On February 8, 2018, Justice Shirley Werner Kornreich of the New York Supreme Court denied a motion for final approval of a disclosure-only settlement in a class action suit brought by shareholders of Martin Marietta Materials, Inc. (“MMM”) regarding its acquisition of Texas Industries, Inc. (“TXI”). City Trading Fund v. Nye, 2018 WL 792283 (N.Y. Sup. Ct., Feb. 8, 2018). Plaintiff, which owned only ten shares in MMM, asserted breach of fiduciary duty claims and sought to enjoin the merger on the ground of inadequate disclosures in the proxy provided to shareholders. The parties, however, reached a settlement, which required defendants to make certain “supplemental disclosures” and provided for the payment of $500,000 in attorneys’ fees to plaintiff’s counsel. Justice Kornreich previously denied approval of the settlement, but that decision was reversed by the New York Supreme Court, Appellate Division and remanded for a fairness hearing. City Trading Fund v. Nye, 144 A.D.3d 595, 21 (N.Y. App. Div. 2016). Moreover, in the interim, the Appellate Division, in Gordon v. Verizon Communications, Inc., 148 A.D.3d 146 (N.Y. App. Div. 2017), adopted a more lenient approval standard for disclosure-only settlements than that followed recently by courts in Delaware and elsewhere. Nevertheless, Justice Kornreich found the supplemental disclosures “utterly useless to the shareholders” and, therefore, declined to approve the settlement.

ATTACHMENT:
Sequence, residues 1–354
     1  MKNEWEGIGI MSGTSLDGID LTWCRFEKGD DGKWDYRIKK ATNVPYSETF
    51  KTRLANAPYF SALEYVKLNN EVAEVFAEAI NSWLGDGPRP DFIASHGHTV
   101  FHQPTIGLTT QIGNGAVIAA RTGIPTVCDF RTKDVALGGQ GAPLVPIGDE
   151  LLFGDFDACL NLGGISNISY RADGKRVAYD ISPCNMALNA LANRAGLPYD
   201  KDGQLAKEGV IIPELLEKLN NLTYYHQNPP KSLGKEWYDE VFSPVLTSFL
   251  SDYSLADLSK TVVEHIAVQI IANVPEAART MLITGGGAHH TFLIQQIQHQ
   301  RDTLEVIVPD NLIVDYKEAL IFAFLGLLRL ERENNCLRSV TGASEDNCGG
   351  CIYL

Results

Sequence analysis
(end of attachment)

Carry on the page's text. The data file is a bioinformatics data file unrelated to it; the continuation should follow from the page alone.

New York Appellate Division Refines The Colt Standard For Nonmonetary Settlements Of Merger-Related Class Action Suits